What Are Quality Management Principles?
Many quality standards and compliance requirements
are established externally. Sometimes customers set the bar, but most often industry bodies and action groups establish requirements. The International Organization for Standardization (ISO), for example, issues quality management principles to help manufacturers work more efficiently and reduce product failures.
Standards established by the ISO and others became the “norm,” and often dictate best practices. Their quality management principles influence how things are done—and what customers expect.
Measuring Quality Compliance
Setting standards is a great first step. But without measurement, it’s impossible to make progress. Statistical Process Control (SPC) methodology
, which many manufacturers already use to control quality, is an important tool for measuring quality compliance. In fact, some certifications—such as SQF from the Safe Quality Food Institute—require
the use of SPC to comply with safety and quality standards.
Why Do Quality Management Principles Matter?
Manufacturers meet external quality standards to achieve certification—and to validate to customers and prospects that they’re operating in the most consistent and productive manner. Standards such as ISO 9001 cover more than just the plant floor—they address how quality permeates leadership, engagement, relationship management, decision making, and more. That’s why quality management principles are an important piece of building a culture around quality.
Start with the Basics: ISO Quality Management Principles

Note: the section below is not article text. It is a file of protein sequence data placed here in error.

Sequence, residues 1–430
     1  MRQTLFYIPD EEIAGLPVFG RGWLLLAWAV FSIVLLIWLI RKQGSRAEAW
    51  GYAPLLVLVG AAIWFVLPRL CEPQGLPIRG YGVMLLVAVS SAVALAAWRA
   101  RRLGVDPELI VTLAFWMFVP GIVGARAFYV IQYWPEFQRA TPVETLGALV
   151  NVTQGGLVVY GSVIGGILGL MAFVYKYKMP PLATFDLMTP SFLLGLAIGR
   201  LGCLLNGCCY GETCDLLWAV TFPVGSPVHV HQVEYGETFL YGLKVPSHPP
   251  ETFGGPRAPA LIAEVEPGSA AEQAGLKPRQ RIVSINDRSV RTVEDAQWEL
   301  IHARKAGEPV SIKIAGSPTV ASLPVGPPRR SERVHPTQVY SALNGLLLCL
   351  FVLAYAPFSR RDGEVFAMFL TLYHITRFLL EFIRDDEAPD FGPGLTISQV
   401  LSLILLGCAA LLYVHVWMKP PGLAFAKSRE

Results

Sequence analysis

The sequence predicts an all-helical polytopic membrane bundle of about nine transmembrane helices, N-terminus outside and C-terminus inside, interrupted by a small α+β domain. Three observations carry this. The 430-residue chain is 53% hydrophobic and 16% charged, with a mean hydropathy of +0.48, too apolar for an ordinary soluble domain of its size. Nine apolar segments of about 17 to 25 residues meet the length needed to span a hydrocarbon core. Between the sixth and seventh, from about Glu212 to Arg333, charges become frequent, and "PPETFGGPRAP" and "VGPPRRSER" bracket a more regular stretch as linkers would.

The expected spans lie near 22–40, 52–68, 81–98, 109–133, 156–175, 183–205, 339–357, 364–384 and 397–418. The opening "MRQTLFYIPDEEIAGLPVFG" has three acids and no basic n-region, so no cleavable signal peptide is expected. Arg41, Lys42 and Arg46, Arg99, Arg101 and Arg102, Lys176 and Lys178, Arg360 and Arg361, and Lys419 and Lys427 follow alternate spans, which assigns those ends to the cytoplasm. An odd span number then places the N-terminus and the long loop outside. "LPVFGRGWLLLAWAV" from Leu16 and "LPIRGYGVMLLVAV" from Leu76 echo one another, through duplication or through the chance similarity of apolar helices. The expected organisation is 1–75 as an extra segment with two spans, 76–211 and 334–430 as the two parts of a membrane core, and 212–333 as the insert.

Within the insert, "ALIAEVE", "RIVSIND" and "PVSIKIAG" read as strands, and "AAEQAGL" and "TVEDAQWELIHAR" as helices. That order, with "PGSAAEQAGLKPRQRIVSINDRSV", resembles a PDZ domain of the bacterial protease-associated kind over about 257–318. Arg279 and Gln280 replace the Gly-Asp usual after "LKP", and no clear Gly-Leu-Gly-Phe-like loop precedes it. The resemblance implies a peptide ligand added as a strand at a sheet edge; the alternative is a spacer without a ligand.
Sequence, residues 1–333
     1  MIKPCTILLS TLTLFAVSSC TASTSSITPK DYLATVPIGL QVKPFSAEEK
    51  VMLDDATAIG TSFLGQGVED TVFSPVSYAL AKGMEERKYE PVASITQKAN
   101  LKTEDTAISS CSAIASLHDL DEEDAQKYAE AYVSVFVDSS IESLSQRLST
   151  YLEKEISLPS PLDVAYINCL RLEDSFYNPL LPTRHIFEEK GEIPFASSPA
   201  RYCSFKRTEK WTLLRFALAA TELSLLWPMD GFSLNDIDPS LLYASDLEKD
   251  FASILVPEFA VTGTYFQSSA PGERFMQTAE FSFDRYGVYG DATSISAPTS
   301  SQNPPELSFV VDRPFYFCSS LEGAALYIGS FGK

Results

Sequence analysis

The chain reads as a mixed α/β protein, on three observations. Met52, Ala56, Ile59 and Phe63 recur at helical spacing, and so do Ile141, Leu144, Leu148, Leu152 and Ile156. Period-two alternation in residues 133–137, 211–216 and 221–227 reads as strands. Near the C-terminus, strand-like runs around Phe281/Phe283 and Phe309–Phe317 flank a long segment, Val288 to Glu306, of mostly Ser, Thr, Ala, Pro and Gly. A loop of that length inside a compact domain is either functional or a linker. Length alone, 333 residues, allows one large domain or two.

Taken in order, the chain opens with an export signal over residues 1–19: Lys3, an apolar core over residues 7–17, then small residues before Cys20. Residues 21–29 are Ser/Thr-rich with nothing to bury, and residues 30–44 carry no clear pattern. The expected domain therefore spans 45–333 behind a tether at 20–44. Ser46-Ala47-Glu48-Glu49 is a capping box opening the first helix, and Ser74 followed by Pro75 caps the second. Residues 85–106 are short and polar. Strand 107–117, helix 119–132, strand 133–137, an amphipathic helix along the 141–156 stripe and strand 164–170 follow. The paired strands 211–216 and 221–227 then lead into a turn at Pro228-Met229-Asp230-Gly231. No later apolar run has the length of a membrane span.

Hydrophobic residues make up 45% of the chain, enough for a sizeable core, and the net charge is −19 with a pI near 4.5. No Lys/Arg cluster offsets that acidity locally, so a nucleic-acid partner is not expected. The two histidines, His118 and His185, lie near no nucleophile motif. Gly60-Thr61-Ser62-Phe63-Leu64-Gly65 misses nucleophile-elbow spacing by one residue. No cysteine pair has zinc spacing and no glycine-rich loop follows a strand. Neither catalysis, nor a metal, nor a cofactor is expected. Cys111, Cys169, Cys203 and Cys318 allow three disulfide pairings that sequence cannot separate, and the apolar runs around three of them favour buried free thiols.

The ISO 9000 family of standards are based on seven quality management principles:
- Customer Focus: How manufacturers use quality management to meet or exceed customer expectations. Manufacturers can achieve customer focus by deeply understanding customers’ needs—and by measuring and monitoring customer satisfaction.
- Leadership: Leaders create working conditions that support quality and align quality to organizational strategies, policies, and processes. They can also make sure quality initiatives are properly resourced.
- People Engagement: People need appropriate training to support quality, but also recognition and empowerment to take initiative toward quality improvement. Engaged workers understand how their individual contributions affect quality performance, and are empowered to speak up, collaborate, and contribute to continuous improvement.
- Process Approach: Consistent and predictable results are a key measure of quality. This ISO 9001 principle requires manufacturers to understand and manage interrelated processes in ways that optimize performance. To do this, organizations map out interdependencies and design smooth and reliable manufacturing processes, from start to finish.
- Continuous Improvement: This quality management principle is designed to help manufacturers react to changes in the internal and external environment and create new opportunities. Continuous improvement affects process performance, organizational capabilities, and customer satisfaction. It also requires proactive audits, planning, and analyses.
- Evidence-based Decision Making: Here, ISO instills data, analysis, and evaluation as manufacturers’ best resources for success. Manufacturers need to understand the cause-and-effect relationships between various inputs and processes—and be able to objectively model consequences. To do this, manufacturers need access to accurate, reliable, and timely information, and the data needs to be available to the right people.
- Relationship Management: Manufacturing companies need a network of suppliers, partners, investors, and workers to produce quality products. Those relationships need to be proactively managed so that everyone stays aligned on goals, values, and quality expectations. ISO suggest that companies measure the performance of relevant parties and provide feedback to enhance quality.
Every industry has a set of quality management principles—basic concepts or standards of quality—to comply with. In organizations that master quality, these principles are embedded in daily language and decision making and set the bar for quality.